Introduction to Organic Chemistry
The Isolation of Pure Natural Products from Plants
Why do some plants show pharmaceutical activity and other plants do not? Why is the activity different according to the type of plant? Is it important when a plant has been picked, e.g. at full moon shortly before dawn? What is the mode of action of plants and their extracts? Not until the isolation of pure active natural products from plant extracts, e.g. morphine (German learning unit) by Friedrich Wilhelm Sertürner, has their importance been detected and their mode of action investigated.
Now it is evident that plants contain pharmaceutically active compounds and that the type and concentration of these compounds determine the activity of a plant extract. The full moon is not important, but the concentration of active compounds in a plant nevertheless depends on the time of day. So it can be useful to pick the plants at a certain time or weather, as in the early morning or when the sun is shining, because the metabolic activity and therefore the concentration of the different natural products depends on parameters like temperature and action of light. Not only the methods of treatment but also the techniques of isolation of pure active compounds have been changed very much. Today, for example, even the smallest amounts of a mixture of natural products can be separated by liquid (LC) or gas chromatography (GC).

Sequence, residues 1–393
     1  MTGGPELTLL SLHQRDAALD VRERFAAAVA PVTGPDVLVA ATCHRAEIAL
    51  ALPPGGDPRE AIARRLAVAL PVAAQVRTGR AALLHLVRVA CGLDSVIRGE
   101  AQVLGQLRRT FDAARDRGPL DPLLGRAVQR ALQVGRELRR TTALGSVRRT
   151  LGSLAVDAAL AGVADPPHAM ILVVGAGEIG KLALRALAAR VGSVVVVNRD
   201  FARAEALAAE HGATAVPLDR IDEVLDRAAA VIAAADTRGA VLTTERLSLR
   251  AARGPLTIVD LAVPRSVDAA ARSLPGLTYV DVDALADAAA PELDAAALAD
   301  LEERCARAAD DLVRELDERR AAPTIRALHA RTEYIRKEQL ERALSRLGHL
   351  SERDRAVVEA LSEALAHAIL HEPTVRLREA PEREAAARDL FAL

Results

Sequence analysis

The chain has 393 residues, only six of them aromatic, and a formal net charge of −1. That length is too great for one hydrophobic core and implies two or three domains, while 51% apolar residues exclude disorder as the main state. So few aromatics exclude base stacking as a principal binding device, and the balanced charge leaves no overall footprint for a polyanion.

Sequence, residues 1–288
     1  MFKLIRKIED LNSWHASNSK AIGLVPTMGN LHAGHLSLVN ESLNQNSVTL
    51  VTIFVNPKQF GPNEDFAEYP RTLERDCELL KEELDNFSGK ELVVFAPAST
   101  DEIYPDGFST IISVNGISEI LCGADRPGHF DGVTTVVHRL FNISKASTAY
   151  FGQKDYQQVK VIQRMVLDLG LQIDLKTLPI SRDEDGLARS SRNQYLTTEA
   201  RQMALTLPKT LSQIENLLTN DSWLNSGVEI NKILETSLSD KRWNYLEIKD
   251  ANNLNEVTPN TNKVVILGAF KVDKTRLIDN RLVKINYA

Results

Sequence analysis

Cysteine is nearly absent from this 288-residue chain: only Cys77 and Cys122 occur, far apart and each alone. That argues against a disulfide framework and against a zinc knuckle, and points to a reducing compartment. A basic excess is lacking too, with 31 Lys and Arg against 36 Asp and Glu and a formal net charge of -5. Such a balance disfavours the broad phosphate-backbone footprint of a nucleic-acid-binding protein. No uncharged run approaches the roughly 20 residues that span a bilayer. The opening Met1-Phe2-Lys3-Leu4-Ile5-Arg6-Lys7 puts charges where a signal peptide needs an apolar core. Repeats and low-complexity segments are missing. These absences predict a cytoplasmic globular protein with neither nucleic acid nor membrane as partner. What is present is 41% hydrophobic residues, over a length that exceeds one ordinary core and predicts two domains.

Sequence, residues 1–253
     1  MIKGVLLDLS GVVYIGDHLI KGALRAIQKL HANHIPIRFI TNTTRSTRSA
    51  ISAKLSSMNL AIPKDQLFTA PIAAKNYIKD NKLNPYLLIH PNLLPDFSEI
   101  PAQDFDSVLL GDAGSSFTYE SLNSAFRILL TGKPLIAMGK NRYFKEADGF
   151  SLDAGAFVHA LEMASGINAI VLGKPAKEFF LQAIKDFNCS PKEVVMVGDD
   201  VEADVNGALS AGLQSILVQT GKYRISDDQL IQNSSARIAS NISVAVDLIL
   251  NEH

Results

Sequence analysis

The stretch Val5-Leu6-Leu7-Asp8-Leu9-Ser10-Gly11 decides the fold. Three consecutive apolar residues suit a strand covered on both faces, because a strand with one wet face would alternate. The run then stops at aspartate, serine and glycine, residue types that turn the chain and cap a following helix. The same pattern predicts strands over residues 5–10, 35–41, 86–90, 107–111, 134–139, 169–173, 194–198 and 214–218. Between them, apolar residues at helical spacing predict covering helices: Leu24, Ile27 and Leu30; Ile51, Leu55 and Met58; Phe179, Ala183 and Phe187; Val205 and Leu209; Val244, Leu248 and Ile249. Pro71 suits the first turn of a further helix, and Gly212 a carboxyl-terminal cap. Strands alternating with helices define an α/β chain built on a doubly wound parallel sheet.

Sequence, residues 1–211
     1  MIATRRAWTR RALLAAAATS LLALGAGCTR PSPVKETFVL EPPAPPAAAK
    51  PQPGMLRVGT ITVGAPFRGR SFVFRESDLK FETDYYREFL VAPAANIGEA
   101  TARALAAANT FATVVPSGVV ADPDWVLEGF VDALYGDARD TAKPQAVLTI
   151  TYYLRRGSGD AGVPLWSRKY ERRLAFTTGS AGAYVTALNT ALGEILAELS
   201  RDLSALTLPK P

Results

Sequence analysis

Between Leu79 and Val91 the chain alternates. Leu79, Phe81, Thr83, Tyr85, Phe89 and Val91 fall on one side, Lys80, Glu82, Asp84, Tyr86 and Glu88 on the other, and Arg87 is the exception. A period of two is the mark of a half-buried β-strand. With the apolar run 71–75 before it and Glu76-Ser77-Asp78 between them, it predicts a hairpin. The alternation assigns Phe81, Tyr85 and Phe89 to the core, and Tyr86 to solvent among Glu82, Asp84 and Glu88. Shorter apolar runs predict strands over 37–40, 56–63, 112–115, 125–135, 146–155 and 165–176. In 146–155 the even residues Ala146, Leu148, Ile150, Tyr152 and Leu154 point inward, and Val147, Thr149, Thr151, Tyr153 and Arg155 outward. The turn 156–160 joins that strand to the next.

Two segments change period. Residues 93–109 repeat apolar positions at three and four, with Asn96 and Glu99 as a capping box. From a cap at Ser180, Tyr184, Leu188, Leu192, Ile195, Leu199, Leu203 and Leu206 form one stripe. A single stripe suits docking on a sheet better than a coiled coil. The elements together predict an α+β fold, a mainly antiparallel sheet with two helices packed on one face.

The term "Organic Chemistry" is historic and was first used by T. Bergman to name the chemistry of the living world. In the 17th century, the investigation of materials from the vegetable and animal kingdom started in addition to the existing studies of minerals. In many cases, a very different behavior of compounds from the living world in contrast to minerals was discovered. As a result of the combustion of materials from the vegetable or animal kingdom, carbon dioxide and water were always formed. The chemical elements carbon and hydrogen have therefore been found to be components of life. All compounds which were investigated by that time had been derived from living organisms and could not be synthesized in the laboratory. It was therefore considered to be impossible to synthesize organic compounds. In contrast to the inorganic compounds of inanimate objects, the synthesis of organic compounds seemed to require a mysterious force of life (vis vitalis).
This vitalism theory was accepted until the beginning of the 19th century. In 1828 it was thrown into doubt by Friedrich Wöhler, who managed the synthesis of urea CO(NH2)2 from the inorganic salt ammonium cyanate. At that time, urea had only been known from extraction from human urine. With that an organic compound had been synthesized from an inorganic salt for the first time. A few years later in 1844 the vitalism theory was delivered its final deathblow by Hermann Kolbe, who prepared acetic acid from carbon and an inorganic starting material.